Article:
New York regulates tax preparers

 New York state is the most recent state to regulate tax preparers. Credit: Getty Images
New York state is the most recent state to regulate tax preparers. Credit: Getty Images

New York this month became the fourth U.S. state to regulate unlicensed tax return preparers, at a time when consumer advocates are pushing for more state oversight as a federal crackdown stalled.

Nearly 80 million Americans pay someone to prepare their tax returns. While most of this work goes smoothly, some does not.

Tax return preparation problems – some inadvertent and some deliberate – occur frequently among small, mom-and-pop tax return firms, according to government watchdogs.

About a third of the $9.4-billion tax preparation market is controlled by H&R Block Inc and three other large companies, with the remaining two-thirds split between licensed and unlicensed preparers, said research group IBISWorld Inc.

Seeking to regulate the business for the first time, the U.S. Internal Revenue Service earlier this year tried to impose new testing and continuing education requirements on the estimated 350,000 unlicensed preparers nationwide.

But that effort was blocked in January after a lawsuit was filed by a libertarian group opposed to the rules. The Obama administration has appealed. A decision is expected soon.

In the meantime, interest in state oversight is growing, said David Williams, chief tax officer at Intuit Inc, which sells tax preparation software.

“You’re seeing the advocacy community step up and shift focus from the federal government to getting the states to do this,” said Williams, former IRS tax preparer office director.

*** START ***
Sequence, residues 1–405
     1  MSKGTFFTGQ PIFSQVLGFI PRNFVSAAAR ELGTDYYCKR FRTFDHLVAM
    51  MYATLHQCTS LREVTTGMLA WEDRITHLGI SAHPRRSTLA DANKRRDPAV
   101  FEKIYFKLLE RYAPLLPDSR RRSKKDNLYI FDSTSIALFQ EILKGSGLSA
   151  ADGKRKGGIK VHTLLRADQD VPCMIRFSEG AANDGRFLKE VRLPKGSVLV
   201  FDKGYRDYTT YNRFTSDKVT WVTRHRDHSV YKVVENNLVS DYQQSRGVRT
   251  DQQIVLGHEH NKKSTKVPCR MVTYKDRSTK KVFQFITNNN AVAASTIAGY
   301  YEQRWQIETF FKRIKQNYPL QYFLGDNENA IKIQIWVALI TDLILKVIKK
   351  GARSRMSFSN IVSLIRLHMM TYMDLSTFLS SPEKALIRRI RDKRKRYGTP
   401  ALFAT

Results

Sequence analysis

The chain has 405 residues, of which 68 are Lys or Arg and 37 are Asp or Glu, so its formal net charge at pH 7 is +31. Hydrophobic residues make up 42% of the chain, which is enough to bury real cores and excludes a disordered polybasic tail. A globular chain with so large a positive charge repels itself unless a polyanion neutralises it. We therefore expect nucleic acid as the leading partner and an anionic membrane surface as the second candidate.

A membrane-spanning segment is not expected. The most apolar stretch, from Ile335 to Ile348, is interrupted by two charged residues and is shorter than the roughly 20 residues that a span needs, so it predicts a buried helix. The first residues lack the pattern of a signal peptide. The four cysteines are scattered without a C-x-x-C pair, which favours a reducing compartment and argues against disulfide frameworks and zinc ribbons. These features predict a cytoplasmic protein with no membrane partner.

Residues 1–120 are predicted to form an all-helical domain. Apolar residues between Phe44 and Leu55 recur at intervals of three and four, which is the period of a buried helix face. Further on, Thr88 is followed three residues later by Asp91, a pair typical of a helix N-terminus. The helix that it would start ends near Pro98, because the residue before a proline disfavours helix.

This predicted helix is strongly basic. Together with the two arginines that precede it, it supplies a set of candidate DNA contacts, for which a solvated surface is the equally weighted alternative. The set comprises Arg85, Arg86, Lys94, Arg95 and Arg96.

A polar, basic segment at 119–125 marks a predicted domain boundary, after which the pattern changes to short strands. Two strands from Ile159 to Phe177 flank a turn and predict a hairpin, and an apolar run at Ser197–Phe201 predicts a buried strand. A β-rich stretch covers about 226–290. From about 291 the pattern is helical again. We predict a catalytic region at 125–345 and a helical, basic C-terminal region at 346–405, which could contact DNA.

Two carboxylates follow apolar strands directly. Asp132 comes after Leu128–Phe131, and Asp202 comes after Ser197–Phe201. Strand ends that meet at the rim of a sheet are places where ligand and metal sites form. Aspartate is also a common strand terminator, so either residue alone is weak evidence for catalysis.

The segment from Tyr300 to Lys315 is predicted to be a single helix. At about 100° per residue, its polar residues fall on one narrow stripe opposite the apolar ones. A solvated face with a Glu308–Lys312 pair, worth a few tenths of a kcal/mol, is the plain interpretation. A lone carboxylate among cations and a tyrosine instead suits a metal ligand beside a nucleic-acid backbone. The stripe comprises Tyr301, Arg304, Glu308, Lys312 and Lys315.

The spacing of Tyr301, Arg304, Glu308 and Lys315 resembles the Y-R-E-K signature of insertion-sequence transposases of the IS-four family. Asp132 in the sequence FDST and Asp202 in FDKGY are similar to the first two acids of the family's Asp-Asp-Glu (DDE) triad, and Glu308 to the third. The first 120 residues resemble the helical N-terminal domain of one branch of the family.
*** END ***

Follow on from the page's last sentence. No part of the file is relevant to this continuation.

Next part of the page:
Joining California, Oregon and Maryland in imposing regulations, New York will require independent preparers to pass a competency test and take continuing education classes.

Among the new rules, New York tax preparers cannot charge “an unconscionable fee” and must adhere to “best practices” according to the New York Department of Taxation and Finance web site.

The state’s rules, which became effective December 11, carry possible criminal penalties.

Eventually, New Yorkers will be able to look up their tax preparer on the department’s web site to see if he or she is complying with the rules.

“We will be investigating complaints, assessing penalties seeking criminal prosecution,” among other disciplinary actions, said Geoffrey Gloak, a spokesman for the department.

The New York rules may face a court challenge, as well, from the Institute for Justice, the group that sued over the IRS rules, said a lawyer with the group.

Dan Alban, who is representing the institute in its case against the IRS, said: “We’re always concerned when states impose burdensome licensing schemes … These regulations certainly raise those same concerns.”

In November, The National Consumer Law Center, a consumer-advocacy group, reported on examples of unlicensed tax preparer problems and called for states to enact their own rules.

Chi Chi Wu, a lawyer and author of the NCLC report, said states lose tax revenue to fraudulent preparers. The institute’s attack on preparer rules is a threat to consumers, she said.